Did Microwave Popcorn Cause Man's Lung Disease?


SEATTLE, WA -- A man who claims microwave popcorn caused his lung disease asked the 9th Circuit to reconsider a federal judge's ruling dismissing the case.

Larry Newkirk says he developed a sometimes-fatal lung disease called bronchiolitis obliterans after years of eating up to six bags of microwave popcorn a day.

His federal complaint claims that the popcorn's butter flavoring diacetyl causes a variety of respiratory illnesses when it is inhaled. Newkirk sued ConAgra Foods, the maker of the popcorn, and the two companies that manufacture the flavoring, Symrise Inc. and Chr. Hanson Inc.

In U.S. District Judge Rosanna Peterson's 71-page opinion dismissing the complaint, she found Newkirk failed to establish a reasonable connection between his lung disease and the butter flavoring. 

In oral arguments before a three-judge panel of the federal appeals court on Monday, Newkirk's attorney, Kenneth McClain with Humphrey Farrington & McClain, argued that Peterson ignored the differential diagnosis, a method used to diagnose the cause of an illness by a process of elimination. McClain cited case precedent in allowing differential diagnosis, saying the courts had previously found that victims of "a new toxic tort should not be barred from having their day in court simply because medical literature that will eventually show the connection between the victim's condition and the toxic substance has not been completed." 

McClain said that three medical experts presented by Newkirk used the diagnostic method to conclude that Newkirk's exposure to diacetyl caused his lung disease and to prove general causation. "In terms of general causation, our argument was diacetyl causes lung disease," McClain. "Diacetyl is released from microwave popcorn bags. Therefore, the general causation was established." 

Judge Irma Gonzalez asked about the difference between the amount of diacetyl released around factory workers and that which is released in a kitchen by a person microwaving popcorn.

"You put your finger on the precise inquiry that should have been raised and discussed by the court, and yet she ignores that," McClain replied, referring to Judge Peterson.

McClain noted that one medical expert used a formula supplied by the defendant to determine that Newkirk received the same type of exposure as received by workers at a ConAgra plant who were diagnosed with lung disease.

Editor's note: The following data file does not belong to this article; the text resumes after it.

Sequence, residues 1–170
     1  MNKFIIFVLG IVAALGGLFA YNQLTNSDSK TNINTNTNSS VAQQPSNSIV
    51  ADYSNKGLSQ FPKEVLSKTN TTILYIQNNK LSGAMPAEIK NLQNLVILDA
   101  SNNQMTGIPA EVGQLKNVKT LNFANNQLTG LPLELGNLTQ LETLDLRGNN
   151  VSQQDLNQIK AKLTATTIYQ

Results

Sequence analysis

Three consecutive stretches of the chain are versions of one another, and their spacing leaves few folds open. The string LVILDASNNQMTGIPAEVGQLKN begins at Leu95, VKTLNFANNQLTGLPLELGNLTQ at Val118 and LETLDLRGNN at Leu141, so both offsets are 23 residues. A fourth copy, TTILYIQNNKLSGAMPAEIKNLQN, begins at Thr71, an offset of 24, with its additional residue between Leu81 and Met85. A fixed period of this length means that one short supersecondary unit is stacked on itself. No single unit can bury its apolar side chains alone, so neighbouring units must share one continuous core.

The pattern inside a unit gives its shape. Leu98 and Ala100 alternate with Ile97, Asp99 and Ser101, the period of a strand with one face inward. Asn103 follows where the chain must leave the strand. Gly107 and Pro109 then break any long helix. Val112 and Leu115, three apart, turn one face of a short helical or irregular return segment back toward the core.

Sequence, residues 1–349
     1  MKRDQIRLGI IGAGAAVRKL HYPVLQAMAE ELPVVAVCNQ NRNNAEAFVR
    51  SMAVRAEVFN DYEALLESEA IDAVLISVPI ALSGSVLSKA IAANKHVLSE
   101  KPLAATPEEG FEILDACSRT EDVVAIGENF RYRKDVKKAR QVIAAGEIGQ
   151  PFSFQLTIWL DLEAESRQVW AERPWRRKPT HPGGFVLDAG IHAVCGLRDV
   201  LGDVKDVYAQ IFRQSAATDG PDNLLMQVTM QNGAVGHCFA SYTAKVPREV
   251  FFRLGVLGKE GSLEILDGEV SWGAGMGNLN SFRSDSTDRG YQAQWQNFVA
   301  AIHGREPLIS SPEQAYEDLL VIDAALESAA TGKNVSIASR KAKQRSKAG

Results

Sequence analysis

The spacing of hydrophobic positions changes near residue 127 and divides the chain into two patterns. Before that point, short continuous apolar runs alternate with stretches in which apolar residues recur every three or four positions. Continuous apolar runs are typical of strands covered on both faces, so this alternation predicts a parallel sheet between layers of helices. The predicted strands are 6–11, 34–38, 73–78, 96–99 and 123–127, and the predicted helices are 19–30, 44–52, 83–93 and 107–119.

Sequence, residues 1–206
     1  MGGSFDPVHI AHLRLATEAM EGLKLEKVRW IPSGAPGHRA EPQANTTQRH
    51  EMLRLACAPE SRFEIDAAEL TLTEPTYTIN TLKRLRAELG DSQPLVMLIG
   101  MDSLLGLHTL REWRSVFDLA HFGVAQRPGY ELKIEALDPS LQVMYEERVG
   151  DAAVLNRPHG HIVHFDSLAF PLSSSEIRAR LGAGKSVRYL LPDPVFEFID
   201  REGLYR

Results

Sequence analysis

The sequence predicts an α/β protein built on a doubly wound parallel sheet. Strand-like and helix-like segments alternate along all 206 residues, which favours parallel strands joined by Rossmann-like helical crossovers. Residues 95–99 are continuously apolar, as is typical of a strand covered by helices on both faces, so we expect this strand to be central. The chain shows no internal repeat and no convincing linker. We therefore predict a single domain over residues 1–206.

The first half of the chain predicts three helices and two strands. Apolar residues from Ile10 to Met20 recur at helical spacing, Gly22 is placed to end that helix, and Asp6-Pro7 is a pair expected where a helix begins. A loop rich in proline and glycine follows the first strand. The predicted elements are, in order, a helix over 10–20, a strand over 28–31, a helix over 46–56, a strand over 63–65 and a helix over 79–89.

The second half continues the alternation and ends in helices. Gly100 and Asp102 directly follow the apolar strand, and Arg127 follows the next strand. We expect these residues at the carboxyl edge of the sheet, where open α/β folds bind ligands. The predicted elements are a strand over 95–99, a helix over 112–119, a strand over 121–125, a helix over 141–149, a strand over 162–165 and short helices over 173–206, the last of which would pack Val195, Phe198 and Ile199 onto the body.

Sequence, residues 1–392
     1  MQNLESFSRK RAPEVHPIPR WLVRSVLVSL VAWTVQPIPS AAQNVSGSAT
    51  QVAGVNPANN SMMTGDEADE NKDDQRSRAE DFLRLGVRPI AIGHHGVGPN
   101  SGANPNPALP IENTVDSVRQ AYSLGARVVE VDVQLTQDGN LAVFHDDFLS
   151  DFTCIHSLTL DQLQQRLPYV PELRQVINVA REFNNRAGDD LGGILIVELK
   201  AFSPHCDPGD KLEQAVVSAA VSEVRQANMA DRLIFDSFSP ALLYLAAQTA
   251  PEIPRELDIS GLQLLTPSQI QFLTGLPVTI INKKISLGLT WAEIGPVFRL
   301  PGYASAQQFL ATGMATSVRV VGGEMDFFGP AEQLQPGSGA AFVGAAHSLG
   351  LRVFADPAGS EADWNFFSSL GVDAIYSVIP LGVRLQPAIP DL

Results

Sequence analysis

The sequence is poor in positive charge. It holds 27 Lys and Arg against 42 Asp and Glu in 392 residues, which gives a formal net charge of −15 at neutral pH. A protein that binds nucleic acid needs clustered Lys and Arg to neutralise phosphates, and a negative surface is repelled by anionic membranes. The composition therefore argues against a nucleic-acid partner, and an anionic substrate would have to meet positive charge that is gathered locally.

Judge William Fletcher countered with problems he has identified with Newkirk's claims. 

"What bothers me about your side of the case is that I read the two reports by Dr. Egilman, and I read the district judge's very careful opinion, and it seems pretty clear that Dr. Egilman has overstated what the studies show - hasn't quite played straight with the data in these studies," Fletcher said. 

ConAgra's attorney, Corey Gordon with Blackwell Burke, said workers exposed to concentrated vapors of diacetyl in slurry vats could develop lung disease, but there was no evidence to show that microwaving popcorn at home emitted dangerous levels. When Gordon tried to cite a rodent study, Fletcher interrupted him and pointed out Gordon's briefing discounted the plaintiff's animal studies. 

"Sauce for the goose; sauce for the gander," Fletcher said. "Either you like the studies - you either allow animal studies in for what they're worth or you don't allow them in for what they're worth."Gordon also said that he thought putting the case before a jury would not be appropriate, and Peterson properly acted as a "gatekeeper."

In his rebuttal, McClain continued to cite medical reports and asked the court to send the case back to Robinson with direction to consider the differential diagnosis.


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